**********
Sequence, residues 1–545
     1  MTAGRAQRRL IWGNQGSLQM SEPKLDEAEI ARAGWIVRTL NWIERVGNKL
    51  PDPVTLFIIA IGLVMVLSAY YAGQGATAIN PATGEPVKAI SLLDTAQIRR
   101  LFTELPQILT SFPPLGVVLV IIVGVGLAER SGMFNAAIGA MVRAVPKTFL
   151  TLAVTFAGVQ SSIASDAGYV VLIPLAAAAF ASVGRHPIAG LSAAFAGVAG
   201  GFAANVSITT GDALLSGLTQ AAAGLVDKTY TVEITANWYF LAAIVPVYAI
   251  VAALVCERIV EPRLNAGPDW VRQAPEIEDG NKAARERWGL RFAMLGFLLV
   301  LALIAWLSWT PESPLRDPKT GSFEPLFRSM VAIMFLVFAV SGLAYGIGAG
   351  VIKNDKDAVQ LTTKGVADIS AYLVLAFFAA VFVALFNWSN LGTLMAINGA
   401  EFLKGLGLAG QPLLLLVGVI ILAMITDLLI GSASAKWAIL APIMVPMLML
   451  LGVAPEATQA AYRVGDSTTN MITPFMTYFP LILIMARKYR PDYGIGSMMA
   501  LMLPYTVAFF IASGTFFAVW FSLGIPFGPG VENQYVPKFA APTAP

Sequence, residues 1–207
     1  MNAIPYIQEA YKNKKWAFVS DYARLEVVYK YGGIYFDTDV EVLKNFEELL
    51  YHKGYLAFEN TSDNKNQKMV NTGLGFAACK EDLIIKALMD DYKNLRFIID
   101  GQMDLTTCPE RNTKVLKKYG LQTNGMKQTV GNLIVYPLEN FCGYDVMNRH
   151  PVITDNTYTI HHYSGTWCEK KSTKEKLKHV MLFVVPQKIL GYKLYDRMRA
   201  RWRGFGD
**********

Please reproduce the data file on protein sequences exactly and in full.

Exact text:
Sequence, residues 1–545
     1  MTAGRAQRRL IWGNQGSLQM SEPKLDEAEI ARAGWIVRTL NWIERVGNKL
    51  PDPVTLFIIA IGLVMVLSAY YAGQGATAIN PATGEPVKAI SLLDTAQIRR
   101  LFTELPQILT SFPPLGVVLV IIVGVGLAER SGMFNAAIGA MVRAVPKTFL
   151  TLAVTFAGVQ SSIASDAGYV VLIPLAAAAF ASVGRHPIAG LSAAFAGVAG
   201  GFAANVSITT GDALLSGLTQ AAAGLVDKTY TVEITANWYF LAAIVPVYAI
   251  VAALVCERIV EPRLNAGPDW VRQAPEIEDG NKAARERWGL RFAMLGFLLV
   301  LALIAWLSWT PESPLRDPKT GSFEPLFRSM VAIMFLVFAV SGLAYGIGAG
   351  VIKNDKDAVQ LTTKGVADIS AYLVLAFFAA VFVALFNWSN LGTLMAINGA
   401  EFLKGLGLAG QPLLLLVGVI ILAMITDLLI GSASAKWAIL APIMVPMLML
   451  LGVAPEATQA AYRVGDSTTN MITPFMTYFP LILIMARKYR PDYGIGSMMA
   501  LMLPYTVAFF IASGTFFAVW FSLGIPFGPG VENQYVPKFA APTAP

Sequence, residues 1–207
     1  MNAIPYIQEA YKNKKWAFVS DYARLEVVYK YGGIYFDTDV EVLKNFEELL
    51  YHKGYLAFEN TSDNKNQKMV NTGLGFAACK EDLIIKALMD DYKNLRFIID
   101  GQMDLTTCPE RNTKVLKKYG LQTNGMKQTV GNLIVYPLEN FCGYDVMNRH
   151  PVITDNTYTI HHYSGTWCEK KSTKEKLKHV MLFVVPQKIL GYKLYDRMRA
   201  RWRGFGD